I’m writing this from New York City where I’m taking advantage of Fall Break to revisit the life I lived for six years up until 3 months ago when I moved to Ohio. While seeing friends and loved ones during my time here, I’ll also take some classes, see a show at BAM, and do some reflecting how the first half of my semester has gone.
This time has flied, as I expected it would. When inundated with change and new experiences, time has a tendency to feel groundless (as if it could be anything but?). I have the sense that I’ve just been on a ride for the past 8 weeks. This ride has included getting back into my physical practice after an injury, making lots of solo composition studies, learning how to be a student again, and basically navigating the inner working of the department and how I might place myself in it.
My sense of being a graduate student is twofold: one stream of experiences where I’m asked to be open, to grow, to question, and then a second stream where I’m asked to narrow, to focus, to streamline. Both seem essential, but pursuing both often gives me a feeling of whiplash.
I’m beginning to miss my teaching life. Teaching has a way of helping me find clarity and meaning almost without even trying. I’m pursuing some options for coursework and outside projects next semester where I can tap back into a place of sharing and offering .
In our first-year graduate seminar, several of the faculty have come in to talk to our class about their research interests and career trajectories. I find this endlessly fascinating. I love hearing about the successes and failures and crooked paths and sometimes serendipity that goes into crafting a life in dance. It seems quite like the act of choreographing itself where there’s a constant balance of generating and then listening.
I’ve started reading Susan Rethorst’s A Choreographic Mind: Autobodygraphical Writings. She describes a “cornerness” approach to creative work. She writes “Cornerness too, is best understood as ‘felt, sensous, in some immediate concrete way.’ Perceiving and responding in a ‘sensual and non-intellectual way’ is my number one tool in dance making. Perceiving affect, understanding by feeling the sight of this or that ‘ness’; engaging the self in something between sensation and perception; engage a watching of what’s before me or what’s in my mind’s eye in a manner that resides where sensation and perception meet.” (pg 26).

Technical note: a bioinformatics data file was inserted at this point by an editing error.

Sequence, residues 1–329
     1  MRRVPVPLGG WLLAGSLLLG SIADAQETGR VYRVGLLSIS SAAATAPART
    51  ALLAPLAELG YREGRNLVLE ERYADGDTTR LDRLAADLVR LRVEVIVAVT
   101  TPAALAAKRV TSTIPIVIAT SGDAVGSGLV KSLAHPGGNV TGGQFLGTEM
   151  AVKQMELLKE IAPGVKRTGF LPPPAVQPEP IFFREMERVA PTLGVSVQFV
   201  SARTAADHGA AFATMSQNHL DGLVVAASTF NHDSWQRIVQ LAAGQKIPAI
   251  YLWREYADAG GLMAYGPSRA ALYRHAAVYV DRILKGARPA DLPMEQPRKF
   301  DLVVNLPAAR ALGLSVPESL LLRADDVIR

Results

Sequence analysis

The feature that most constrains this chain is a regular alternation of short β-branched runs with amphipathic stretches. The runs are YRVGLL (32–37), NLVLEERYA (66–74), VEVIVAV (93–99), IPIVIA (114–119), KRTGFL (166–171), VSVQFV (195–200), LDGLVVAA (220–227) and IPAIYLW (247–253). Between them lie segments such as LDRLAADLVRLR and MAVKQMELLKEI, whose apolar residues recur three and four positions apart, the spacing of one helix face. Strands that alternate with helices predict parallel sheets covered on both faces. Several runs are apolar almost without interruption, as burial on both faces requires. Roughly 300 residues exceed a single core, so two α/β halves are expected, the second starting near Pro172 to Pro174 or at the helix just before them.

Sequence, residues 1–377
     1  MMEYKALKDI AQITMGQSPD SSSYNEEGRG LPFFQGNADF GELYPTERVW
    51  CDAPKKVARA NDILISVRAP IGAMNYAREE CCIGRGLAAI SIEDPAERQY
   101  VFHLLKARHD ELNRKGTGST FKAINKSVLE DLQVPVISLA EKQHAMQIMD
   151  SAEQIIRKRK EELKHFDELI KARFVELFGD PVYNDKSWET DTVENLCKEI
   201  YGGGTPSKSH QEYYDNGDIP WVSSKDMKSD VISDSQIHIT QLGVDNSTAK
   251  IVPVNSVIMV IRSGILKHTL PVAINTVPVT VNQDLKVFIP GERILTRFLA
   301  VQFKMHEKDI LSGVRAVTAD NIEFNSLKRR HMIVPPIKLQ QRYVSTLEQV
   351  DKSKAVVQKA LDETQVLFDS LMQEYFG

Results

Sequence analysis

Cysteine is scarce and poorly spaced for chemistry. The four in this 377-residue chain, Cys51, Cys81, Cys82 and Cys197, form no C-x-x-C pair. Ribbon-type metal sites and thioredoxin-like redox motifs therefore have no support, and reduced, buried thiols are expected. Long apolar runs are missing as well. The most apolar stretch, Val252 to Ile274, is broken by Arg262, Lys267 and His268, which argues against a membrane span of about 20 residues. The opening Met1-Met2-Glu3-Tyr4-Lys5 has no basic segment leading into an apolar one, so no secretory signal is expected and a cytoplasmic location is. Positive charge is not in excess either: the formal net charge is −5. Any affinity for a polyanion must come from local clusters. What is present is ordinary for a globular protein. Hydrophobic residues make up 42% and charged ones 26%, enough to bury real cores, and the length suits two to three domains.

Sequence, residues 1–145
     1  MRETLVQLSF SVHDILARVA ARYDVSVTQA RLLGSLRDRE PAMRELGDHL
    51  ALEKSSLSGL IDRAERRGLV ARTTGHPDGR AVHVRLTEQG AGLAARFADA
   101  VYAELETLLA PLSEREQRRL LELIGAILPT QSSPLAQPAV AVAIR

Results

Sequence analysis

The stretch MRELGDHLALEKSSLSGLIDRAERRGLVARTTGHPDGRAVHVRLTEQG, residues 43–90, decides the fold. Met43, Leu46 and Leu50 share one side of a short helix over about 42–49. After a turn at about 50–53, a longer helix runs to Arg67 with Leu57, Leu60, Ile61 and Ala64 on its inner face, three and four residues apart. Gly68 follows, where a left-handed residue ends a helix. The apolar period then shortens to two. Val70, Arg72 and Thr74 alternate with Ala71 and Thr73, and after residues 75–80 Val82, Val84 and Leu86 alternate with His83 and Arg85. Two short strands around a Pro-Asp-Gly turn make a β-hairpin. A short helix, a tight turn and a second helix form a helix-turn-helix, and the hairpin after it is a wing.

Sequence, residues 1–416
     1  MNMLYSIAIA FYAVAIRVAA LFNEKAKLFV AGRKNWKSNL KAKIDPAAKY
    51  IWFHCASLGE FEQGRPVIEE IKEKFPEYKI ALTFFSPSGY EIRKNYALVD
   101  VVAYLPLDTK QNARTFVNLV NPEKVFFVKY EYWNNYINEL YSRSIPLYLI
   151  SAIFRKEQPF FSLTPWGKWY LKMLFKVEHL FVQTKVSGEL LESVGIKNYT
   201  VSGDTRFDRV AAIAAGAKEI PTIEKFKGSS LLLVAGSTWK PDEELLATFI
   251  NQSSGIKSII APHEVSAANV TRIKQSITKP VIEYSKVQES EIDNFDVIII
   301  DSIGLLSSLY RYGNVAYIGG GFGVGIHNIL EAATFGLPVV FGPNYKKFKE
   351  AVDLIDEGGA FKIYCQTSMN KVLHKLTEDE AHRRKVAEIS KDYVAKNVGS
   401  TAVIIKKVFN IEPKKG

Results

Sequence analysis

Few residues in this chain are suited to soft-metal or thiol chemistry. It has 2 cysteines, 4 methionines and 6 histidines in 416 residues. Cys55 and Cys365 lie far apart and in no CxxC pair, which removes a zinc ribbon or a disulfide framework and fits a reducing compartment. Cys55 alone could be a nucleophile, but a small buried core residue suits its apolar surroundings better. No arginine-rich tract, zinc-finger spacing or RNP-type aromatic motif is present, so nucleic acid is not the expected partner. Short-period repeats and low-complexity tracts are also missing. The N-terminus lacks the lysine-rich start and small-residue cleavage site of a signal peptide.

This sensation is familiar to me as a dance maker who often feels less like I’m “making” a dance or more like I’m waiting for the dance to be revealed to me. My work in the studio feels not so much like creating and more like peeling away layers until I find the real deal underneath.
At this point in the semester, it strikes me that this approach might be a useful application to sculpting my graduate school experience.
I’ve had lots of doubt since starting this program, not about being here, but about how to “do graduate school” and if I’m “doing it right.” I think this idea about cornerness can come in here. Without becoming lazy or apathetic, I believe there is a way to craft graduate school, or a career, or a life in general, that involves a hefty dose of preparation and digging deeper, and then perhaps an even heftier dose of letting go and allow the chips to fall where they may. In that practice of releasing control, an opportunity for rigorous listening presents itself, and in that listening we can find the “corners”, the moments that start to take shape and solidify. This not only gives us something to hold on to, but we’ve also found it without fear and without desperation. In essence, we usually end up fairly close to where we wanted to be all along, but with an element of surprise and fun along the way.
As I move into the second of the semester, this will be my approach: to prepare richly, to listen deeply, to make choices, and then to find moments of fun.